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Please join us for this presentation by our own KGI faculty member, Dr. Jim Sterling, Professor and PhD Program Director, Henry E. Riggs School of Applied Life Sciences
Many macromolecular biocondensates have been observed as so-called intracellular membraneless organelles since their discovery in 2009 in the Hyman lab in Dresden Germany. Commercialization of drug discovery technology based on biocondensates is underway. Biocondensate formation has been demonstrated to be a process of liquid-liquid phase transition in the cell. Many of these structures are based on the interaction of nucleic acids and intrinsically-disordered protein domains that offer a new paradigm for biochemical kinetics, and recruitment of so-called clients into the dense liquid phase can further accelerate biochemistry. As a new kind of structure-function in the cell, pathological condensates have been associated with specific human diseases. Recently extracellular biocondensates have been reported. The role of ion-specific behavior and hydration biophysics on extracellular glycosaminoglycans is being studied with collaborators and deeper insight into the molecular mechanisms is sought by applying molecular dynamic simulations and mean-field modeling of these structures.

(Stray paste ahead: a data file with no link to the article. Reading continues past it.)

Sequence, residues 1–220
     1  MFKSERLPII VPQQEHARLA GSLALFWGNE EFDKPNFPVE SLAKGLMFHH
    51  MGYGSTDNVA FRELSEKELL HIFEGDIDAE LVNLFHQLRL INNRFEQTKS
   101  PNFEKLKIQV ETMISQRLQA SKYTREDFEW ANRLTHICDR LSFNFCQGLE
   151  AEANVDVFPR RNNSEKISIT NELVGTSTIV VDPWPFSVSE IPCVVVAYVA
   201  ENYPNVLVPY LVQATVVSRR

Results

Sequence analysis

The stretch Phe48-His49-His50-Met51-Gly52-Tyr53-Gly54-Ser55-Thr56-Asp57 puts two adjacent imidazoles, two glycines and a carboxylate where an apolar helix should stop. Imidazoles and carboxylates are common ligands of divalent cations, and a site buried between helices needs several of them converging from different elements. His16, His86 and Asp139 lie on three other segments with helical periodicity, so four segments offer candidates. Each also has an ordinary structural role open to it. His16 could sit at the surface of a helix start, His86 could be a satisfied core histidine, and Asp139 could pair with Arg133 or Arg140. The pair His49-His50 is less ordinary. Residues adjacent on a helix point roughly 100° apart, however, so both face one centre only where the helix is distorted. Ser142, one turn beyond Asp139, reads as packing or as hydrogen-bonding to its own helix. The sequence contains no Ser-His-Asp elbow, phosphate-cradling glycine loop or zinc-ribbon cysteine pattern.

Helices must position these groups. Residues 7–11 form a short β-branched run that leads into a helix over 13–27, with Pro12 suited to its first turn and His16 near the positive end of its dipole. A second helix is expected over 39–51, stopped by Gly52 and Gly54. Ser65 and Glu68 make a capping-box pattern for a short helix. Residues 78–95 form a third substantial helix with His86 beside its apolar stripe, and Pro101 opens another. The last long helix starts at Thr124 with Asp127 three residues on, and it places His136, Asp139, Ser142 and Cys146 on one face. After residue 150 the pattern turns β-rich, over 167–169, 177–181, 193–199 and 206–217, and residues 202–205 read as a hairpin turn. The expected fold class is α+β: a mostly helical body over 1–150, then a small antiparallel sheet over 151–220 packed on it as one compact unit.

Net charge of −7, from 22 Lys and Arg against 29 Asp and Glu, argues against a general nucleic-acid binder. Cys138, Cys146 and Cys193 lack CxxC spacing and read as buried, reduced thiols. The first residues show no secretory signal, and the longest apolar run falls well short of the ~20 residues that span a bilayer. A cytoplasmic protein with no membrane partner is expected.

Date: Friday, October 21, 2022
Time: 12:00 – 1:00 p.m.
Location: 121 Bldg. – 1111 Classroom and Via Zoom (See Outlook invite for Zoom Link)